Suborder Zygoptera
Family Chlorocyphidae

Family Chlorocyphidae figure 1
Photo by Stephen Moore

Small but robust damselflies (most species with head, thorax, and abdomen 20-30 mm in length), with the abdomen distinctly shorter than the wings when at rest. Most species have a pronounced 'nose' or rostrum formed by the clypeus, which projects conspicuously before the frons and compound eyes. There is only one genus in the Papuan region.

Genus Rhinocypha Rambur, 1842

Males with the apical portion of both pairs of wings black-brown with an iridescent sheen, and black bodies often crossed by diagonal bands of bright blue. The wing markings of females are reduced or (in some western taxa) entirely absent.
Rhinocypha typically frequent stony, riffly streams with clear water, though they can be found on slow streams as well. They fly in open sunny areas and perch on overhanging twigs and foliage, or on rocks near the water's edge. Here the males catch the sunlight on their iridescent wings, which they open and close in precise wing- clapping rhythms to attract mates or intimidate conspecific rivals. Females also frequent exposed situations (though they are seen less often than the males), where they oviposit in partially-submerged rotting wood. Females will be best identified by association with males collected at the same locality. In most cases female thoracic patterns will closely approximate those of their respective males, with the blue colour of the males replaced by tan.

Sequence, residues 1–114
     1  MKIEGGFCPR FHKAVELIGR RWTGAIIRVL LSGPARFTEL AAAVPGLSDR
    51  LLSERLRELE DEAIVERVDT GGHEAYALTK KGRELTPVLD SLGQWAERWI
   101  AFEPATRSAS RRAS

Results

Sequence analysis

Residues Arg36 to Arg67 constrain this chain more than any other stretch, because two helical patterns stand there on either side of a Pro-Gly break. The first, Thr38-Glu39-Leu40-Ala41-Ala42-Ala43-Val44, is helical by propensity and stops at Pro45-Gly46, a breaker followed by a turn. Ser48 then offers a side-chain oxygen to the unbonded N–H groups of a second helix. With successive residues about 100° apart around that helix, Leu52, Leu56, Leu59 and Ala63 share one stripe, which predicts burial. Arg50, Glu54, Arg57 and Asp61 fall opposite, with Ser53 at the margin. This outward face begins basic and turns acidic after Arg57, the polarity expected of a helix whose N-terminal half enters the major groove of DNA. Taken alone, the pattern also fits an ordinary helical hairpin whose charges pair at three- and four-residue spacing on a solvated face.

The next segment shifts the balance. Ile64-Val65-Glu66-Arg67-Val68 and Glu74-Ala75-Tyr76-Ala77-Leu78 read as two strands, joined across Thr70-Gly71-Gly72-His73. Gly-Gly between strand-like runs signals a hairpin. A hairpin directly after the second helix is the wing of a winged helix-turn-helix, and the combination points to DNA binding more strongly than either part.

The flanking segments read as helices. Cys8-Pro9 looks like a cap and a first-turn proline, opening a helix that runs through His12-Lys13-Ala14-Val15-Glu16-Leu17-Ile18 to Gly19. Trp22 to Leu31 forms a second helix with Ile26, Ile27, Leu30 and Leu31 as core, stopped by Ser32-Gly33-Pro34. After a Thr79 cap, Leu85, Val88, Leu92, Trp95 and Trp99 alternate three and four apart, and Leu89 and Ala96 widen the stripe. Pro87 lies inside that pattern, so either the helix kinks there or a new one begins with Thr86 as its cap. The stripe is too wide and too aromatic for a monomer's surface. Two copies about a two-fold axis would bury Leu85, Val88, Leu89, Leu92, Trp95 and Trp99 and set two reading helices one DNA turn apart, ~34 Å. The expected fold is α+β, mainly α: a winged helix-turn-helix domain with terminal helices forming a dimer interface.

The different species and subspecies can be difficult to tell apart, but most of them exist in non-overlapping geographic ranges.

Two species are known from Maluku (R. aurulenta from Buru, can be told by its gold and copper iridescence; R. ustulata from Ambon, Seram, and Sula Islands, can be told by its distinct yellow antehumeral stripes), and R. liberata from New Britain and the Solomon Islands (which can be told by the yellow triangular spots on the upper surface of the abdomen, and the reduced wing markings). R. tincta is known from New Guinea and Maluku, and has been divided into seven subspecies.

Family Chlorocyphidae figure 2

Family Chlorocyphidae figure 3